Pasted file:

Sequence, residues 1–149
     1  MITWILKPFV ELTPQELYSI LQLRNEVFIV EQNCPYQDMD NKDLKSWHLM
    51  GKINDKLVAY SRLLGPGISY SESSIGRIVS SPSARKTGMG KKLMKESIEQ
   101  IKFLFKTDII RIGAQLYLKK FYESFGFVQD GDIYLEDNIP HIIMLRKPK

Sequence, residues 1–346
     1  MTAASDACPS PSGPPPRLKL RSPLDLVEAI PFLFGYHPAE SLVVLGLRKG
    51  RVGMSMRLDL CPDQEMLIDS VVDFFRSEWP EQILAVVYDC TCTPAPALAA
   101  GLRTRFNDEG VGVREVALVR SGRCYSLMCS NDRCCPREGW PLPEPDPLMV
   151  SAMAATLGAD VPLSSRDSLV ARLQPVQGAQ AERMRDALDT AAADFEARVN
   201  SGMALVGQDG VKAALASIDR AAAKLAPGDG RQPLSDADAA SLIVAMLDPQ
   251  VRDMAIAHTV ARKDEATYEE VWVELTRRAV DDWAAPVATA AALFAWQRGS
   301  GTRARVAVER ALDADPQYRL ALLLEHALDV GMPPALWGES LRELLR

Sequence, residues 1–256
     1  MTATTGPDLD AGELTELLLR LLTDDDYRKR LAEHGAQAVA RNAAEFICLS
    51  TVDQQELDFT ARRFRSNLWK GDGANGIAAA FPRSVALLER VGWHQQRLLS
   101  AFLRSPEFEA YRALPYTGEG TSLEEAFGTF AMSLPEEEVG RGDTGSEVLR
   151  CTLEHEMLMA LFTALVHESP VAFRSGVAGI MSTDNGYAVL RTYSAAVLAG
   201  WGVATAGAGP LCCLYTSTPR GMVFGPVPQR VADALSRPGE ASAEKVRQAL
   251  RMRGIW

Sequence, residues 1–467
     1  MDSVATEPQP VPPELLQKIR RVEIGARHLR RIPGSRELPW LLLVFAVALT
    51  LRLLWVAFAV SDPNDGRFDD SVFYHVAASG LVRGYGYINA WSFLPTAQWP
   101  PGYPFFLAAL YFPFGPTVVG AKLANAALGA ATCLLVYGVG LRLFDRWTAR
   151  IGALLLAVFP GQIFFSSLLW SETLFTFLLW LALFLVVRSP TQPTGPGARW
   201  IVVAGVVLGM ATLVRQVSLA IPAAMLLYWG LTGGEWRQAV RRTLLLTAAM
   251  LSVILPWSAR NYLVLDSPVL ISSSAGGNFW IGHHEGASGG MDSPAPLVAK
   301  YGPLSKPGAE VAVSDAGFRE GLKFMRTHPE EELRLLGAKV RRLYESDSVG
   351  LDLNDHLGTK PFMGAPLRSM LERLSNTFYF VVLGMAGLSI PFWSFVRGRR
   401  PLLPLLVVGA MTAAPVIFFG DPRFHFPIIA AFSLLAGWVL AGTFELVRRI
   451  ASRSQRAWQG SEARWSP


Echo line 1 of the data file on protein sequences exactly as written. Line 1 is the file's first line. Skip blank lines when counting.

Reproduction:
Sequence, residues 1–149